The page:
Historical information

This apron was made by Theresa Dunn (néé Wallis) of Breakaway Creek, Victoria. Born in 1912, Theresa came from a farming family and left school at the age of 14 following the death of her mother to help care for her younger siblings. Well known for her needlework, Theresa and her sister Eileen exhibited widely and later judged work for Victorian and interstate needlework competitions. Sticklers for perfection, they were known to always look at the back of the work first. In 1935 Theresa married Allan Dunn. This apron formed part of her glory box; a collection of items saved in preparation for married life. Never used, it was donated to the Ballarat Apron Festival in 2017 by Theresa’s daughter.

Significance

Made by Theresa Dunn of Breakaway Creek in the 1930s, this apron reflects early-20th century ideals of thrift and resourcefulness that were highly regarded as desirable feminine traits. By making do and adapting waste materials, such as hessian sacks and fabric scraps, into practical clothing, women could demonstrate their sewing expertise and ingenuity; highly prized qualities during times of economic depression or frugalness. Part of Theresa's glory box, this apron is in immaculate condition and is an example of depression era clothing and resourcefulness.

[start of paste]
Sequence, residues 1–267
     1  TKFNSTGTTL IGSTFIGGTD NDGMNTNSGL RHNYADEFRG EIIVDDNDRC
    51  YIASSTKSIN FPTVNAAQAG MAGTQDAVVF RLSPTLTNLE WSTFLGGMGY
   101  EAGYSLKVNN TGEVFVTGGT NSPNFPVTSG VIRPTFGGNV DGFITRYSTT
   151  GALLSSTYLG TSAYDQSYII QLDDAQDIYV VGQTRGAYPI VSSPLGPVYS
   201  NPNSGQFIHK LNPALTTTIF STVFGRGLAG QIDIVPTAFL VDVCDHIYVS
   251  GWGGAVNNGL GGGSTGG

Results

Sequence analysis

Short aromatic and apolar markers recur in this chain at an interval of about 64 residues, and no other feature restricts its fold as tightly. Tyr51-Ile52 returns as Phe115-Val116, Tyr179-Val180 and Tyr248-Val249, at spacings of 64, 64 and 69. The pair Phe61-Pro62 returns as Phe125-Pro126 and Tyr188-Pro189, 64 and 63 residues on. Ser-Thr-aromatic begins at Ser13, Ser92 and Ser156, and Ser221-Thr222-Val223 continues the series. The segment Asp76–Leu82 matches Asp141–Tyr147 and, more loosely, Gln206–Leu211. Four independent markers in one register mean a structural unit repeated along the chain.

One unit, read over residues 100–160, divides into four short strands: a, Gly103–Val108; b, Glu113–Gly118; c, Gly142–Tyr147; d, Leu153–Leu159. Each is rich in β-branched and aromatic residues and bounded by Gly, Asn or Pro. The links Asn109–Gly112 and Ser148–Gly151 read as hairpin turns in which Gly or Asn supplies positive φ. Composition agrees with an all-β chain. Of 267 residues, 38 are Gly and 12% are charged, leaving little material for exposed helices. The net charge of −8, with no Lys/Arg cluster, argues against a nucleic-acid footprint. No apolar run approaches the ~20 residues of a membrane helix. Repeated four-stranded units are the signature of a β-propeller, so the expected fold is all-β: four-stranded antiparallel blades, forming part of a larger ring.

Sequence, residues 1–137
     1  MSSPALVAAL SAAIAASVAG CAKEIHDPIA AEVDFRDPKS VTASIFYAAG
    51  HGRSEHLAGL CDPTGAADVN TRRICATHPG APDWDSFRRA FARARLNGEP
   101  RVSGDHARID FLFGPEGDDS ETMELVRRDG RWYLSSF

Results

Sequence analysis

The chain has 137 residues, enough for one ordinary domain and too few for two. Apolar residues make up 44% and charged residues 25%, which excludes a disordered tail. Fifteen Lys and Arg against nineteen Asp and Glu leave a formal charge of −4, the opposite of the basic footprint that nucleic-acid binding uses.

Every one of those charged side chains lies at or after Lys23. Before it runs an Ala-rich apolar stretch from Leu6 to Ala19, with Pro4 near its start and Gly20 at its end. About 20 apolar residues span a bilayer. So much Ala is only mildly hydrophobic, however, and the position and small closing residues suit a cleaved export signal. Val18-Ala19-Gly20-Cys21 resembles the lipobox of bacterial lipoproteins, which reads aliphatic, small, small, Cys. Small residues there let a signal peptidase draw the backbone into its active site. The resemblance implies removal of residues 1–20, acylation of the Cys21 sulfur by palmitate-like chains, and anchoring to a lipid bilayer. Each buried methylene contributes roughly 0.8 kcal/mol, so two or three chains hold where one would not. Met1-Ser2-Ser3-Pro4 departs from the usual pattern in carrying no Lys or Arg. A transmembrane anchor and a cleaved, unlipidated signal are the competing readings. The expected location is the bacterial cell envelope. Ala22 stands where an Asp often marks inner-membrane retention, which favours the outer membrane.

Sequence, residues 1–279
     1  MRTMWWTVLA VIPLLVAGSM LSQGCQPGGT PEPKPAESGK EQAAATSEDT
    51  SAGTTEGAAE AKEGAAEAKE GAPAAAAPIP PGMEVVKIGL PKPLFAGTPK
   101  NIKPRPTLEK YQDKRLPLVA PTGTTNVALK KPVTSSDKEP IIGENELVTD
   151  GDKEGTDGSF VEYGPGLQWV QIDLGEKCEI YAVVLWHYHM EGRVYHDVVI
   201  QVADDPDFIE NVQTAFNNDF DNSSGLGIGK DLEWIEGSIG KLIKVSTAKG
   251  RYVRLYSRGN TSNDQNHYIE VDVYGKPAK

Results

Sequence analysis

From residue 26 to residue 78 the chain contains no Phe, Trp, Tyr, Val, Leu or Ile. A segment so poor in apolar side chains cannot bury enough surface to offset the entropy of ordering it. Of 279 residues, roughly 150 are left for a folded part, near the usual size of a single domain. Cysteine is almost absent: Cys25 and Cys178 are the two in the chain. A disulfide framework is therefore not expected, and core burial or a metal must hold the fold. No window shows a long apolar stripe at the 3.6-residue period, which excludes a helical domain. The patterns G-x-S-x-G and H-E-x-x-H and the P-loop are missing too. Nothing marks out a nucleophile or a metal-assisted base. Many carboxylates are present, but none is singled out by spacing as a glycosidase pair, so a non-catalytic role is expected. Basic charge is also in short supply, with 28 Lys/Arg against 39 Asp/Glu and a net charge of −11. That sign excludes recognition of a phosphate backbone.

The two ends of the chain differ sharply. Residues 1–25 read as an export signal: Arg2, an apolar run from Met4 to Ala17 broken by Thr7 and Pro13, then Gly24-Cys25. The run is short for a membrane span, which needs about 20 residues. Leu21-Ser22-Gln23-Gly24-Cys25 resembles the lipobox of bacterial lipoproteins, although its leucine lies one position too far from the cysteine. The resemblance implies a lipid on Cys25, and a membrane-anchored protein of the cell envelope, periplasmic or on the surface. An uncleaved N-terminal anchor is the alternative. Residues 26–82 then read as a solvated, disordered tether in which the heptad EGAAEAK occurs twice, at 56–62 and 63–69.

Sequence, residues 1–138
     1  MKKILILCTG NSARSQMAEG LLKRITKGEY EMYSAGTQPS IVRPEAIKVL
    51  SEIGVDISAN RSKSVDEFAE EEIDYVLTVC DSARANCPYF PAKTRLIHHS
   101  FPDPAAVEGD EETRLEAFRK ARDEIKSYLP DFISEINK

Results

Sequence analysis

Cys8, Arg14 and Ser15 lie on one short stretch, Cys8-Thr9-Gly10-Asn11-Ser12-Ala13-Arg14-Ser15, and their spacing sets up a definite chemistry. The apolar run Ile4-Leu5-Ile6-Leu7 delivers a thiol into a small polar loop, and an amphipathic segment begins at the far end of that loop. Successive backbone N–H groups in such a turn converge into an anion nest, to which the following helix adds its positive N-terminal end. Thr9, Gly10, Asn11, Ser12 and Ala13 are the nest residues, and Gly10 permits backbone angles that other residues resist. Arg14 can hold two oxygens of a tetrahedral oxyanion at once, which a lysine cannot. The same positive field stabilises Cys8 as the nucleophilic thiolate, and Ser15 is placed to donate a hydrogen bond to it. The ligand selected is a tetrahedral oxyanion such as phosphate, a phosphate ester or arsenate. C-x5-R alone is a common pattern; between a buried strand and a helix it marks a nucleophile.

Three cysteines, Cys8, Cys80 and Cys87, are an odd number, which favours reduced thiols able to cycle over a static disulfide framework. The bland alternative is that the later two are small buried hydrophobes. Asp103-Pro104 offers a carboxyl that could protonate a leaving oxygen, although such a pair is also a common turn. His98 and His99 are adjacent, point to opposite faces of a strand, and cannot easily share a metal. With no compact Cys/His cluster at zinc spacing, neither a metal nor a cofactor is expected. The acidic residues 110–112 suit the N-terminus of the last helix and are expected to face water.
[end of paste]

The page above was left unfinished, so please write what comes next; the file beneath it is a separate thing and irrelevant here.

Physical description

Sugar bag apron (circa 1930s) Ballarat Apron Festival collection Until the mid-20th century concepts of thrift and resourcefulness were highly regarded as desirable feminine traits. By making do and adapting waste materials, such as hessian sacks and fabric scraps, into practical clothing, women could demonstrate their sewing expertise and ingenuity; highly prized qualities during times of economic depression or frugalness.

Inscriptions & markings

Colonial Sugar Refining Co Ltd. Pure Cane Sugar 70lbs. Melbourne 1A